Luke Livingston: The brewery is located in Lewiston, Maine, for a myriad of reasons: I grew up in the neighboring “twin city” of Auburn and wanted to give back to the community that I grew up in and that did so much for me as a youngster. Also, having grown up here and seeing these iconic textile mills which lined the downtown skyline sitting dormant and decaying, revitalizing one of them to house Baxter Brewing was of great appeal. Beyond that, something like 75 percent of the state’s population lives within an hour’s drive. And most importantly, the Lewiston-Auburn community has nearly an identical population to the city of Portland, which many people don’t realize, but had no packaging breweries (while Portland has several), so the opportunity to be a “big fish in a small pond” here was a no-brainer. There is a palpable cultural renaissance happening in this community right now, and it’s a really exciting time to play such a significant role in that revolution.
What does corporate sustainability mean to you?
I think corporate sustainability is a company’s responsibility to do as much as it is able – financially, logistically, etc. – to reduce its negative impact on the environment and the world around us. If a company can go beyond that to better the environment and maybe even look at sustainability as a source of secondary revenue, as many breweries including Baxter do, then they’re all the better for it. But at its core, corporate sustainability, to me as a business owner, is all about trying to have the least amount of negative impact on our world as I can.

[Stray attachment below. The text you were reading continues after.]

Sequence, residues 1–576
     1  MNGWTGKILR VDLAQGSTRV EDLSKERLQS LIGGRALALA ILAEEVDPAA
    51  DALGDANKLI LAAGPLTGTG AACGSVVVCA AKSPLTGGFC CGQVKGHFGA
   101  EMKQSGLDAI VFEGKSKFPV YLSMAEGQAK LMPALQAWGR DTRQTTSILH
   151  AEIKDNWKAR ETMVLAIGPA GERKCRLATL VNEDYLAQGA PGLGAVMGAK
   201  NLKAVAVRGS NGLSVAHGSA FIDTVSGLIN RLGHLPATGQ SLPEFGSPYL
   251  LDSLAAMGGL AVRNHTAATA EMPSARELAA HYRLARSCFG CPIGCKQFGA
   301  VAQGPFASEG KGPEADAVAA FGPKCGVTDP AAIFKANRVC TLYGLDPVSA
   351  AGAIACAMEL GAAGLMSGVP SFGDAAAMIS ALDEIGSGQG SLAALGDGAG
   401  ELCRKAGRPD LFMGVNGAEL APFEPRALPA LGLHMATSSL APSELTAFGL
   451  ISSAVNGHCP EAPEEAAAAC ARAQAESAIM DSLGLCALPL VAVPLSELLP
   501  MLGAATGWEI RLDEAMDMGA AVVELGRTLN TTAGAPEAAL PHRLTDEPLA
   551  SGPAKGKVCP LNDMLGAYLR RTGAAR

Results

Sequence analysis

Baxter has been growing like gangbusters since you started in 2011, and last year you announced an ambitious plan for further expansion. What kind of challenges and opportunities does rapid growth offer in terms of sustainable operations?
That’s right, we’re in the middle of a $2 million, 400 percent expansion right now, which is set to be completed in part within the next two weeks, and fully by April of 2014 right now. The challenges for incorporating a sustainability plan into that expansion are minimal really – not much beyond convincing investors to spend a few extra dollars along the way to make sure we’re doing things right; and in our case the added expense that comes along with construction and retrofitting a 160-plus year old building – while the opportunities are much greater. For instance, people always think it’s harder than it is, but when you’re digging up your facility anyway, what better time to go back and refurbish some equipment so that it can be “greener” moving forward? We’re doing that right now by retrofitting our brewhouse to run on steam power rather than propane.